Badaevskiy Brewery, Moscow
Opushka, the Russian Forest Edge
Located along the Moskva River, the partially dilapidated site of the historic Badaevskiy Brewery is being rehabilitated into a mixed-use public area in central Moscow–with recreational, commercial, and residential facilities. While the heritage buildings of the factory are being restored, a large residential complex is added. It sits lifted 35 meters above ground on a forest of columns. Underneath, at the heart of the development, a 6 ha area is becoming a new neighborhood park for Moscow. Situated atop a 400 m stretch of elevated river embankment, this man-made tract sets the stage for a condensed interpretation of the East European mixed forest. Informed by an understanding of the natural processes that define a forest edge, the park is structured as a succession of layers culminating in an open orchard that recalls Moscow’s historic parks and reinforces the collective memory of the city.
Two Landscape Types as Reference
The project responds to this cultural dimension by integrating two landscape types that bear a literary significance in Russian collective memory: the soft edge of primary succession, affectionately called the opushka, and the flowering orchard. In the Russian imagination, the opushka carries poetic associative connotations of benign wilderness, softness, abundance, and warmth. In cultivated landscapes, this exuberance is translated into the form of productive orchards. In Moscow, orchards were historically planted near the river’s edge, as in Kolomenskoje, where people still collect fruit, or the apple trees planted in the 1950s along Kutuzovsky Avenue, just 4 kilometers away from the site.
Translation into a Layered Design
The “forest edge” provides a layered spatial structure that articulates the relation between existing and new elements—the heritage factory building, the new architecture with its ultimate level of private garden rooftops, and the river bank. At the exterior, the embankment’s hard edge is modulated by smaller sun-loving plants and forms the interface with the river. Inside the shaded forest interior, 20 m tall trees merge with the massive columns that lift up the horizontal skyscraper. Gradually, these give way to the opushka, where smaller variegated pioneer species and dense ground cover call to mind natural abundance and diversity. Closer to the interior and lower to the ground, undulating soft meadows finally lead into the grassland where clumps of fruit trees change with the seasons and invite genuine biodiversity into the park year-round.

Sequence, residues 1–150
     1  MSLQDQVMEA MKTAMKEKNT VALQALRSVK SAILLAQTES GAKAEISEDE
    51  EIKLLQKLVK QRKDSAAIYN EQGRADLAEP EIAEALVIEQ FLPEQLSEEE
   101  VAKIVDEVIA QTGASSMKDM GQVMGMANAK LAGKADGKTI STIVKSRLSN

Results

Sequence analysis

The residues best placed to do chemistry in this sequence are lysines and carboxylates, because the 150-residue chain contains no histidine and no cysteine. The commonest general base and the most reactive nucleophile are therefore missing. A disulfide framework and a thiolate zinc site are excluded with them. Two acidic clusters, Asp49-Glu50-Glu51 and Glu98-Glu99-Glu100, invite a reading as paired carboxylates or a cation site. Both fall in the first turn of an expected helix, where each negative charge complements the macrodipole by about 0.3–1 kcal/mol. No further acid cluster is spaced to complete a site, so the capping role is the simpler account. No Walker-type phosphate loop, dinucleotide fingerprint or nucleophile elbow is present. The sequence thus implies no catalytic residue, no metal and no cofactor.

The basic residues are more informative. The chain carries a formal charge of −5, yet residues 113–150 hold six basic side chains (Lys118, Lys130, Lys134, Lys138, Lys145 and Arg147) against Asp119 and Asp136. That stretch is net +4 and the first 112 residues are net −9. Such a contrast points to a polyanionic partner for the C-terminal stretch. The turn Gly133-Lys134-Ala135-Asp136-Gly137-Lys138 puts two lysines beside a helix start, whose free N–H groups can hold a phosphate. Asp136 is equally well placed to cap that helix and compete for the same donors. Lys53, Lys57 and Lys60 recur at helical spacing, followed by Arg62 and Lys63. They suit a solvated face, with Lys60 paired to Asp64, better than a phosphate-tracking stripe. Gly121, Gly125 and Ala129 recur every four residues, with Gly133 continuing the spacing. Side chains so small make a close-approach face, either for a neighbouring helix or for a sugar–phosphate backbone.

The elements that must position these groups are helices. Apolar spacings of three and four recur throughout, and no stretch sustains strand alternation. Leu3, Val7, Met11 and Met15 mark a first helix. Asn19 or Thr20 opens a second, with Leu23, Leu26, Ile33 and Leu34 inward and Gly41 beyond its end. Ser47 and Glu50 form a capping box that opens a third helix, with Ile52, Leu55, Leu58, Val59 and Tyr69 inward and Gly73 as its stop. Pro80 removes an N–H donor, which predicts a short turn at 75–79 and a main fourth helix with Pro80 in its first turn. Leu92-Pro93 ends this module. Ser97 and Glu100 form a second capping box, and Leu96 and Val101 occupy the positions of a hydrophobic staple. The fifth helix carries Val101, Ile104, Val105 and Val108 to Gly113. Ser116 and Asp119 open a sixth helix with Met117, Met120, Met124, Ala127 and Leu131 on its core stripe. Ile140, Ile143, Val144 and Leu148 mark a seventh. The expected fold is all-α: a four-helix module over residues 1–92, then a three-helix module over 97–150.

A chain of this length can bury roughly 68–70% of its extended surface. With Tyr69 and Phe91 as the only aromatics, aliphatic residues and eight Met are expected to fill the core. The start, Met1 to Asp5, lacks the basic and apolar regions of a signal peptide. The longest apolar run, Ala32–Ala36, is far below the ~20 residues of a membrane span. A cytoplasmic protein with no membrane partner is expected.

Altogether, over eighty species make up the planting palette of the park. This diversity of vegetation recalls indigenous mixed forests, while the fruit trees bring the visitors into direct engagement with the landscape. The planting scheme is thus central to the project, as it makes tangible the ever-present connection between culturally constructed notions of “nature” and their inherent qualities of biodiversity and vitality, from which cultural significance in turn arises.
The Metropolitan Landscape of Moscow
Moscow is characterized by a high level of complexity and diversity in both indigenous and anthropogenic landscapes. Established in the twelfth century, the city was built on the ancient alluvial terraces of the Moskva river, at the meeting point of three physiographic provinces that defined its shape: the elevated hilly terrain in the southwest, the low-lying flatter landforms in the northeast, and elevated plains in the northwest. Within these, nine individual territorial complexes—specific combinations of topography, hydrology, soil type, and vegetation—converge at the city center. While such a dense array is unique in the Central Russian Plain, this indigenous landscape has over time been transformed by agriculture, infrastructure, and urban buildup, with a tendency toward the reduction of biodiversity. Indeed, even though original woodlands remain at the outskirts of Moscow, urban vegetation is the result of more than eight hundred years of human activity through the cultivation of monastery gardens, large estates, nurseries, or Soviet cooperatives that have become public parks. These parks form part of the collective memory and culture of the living city.
© Herzog & de Meuron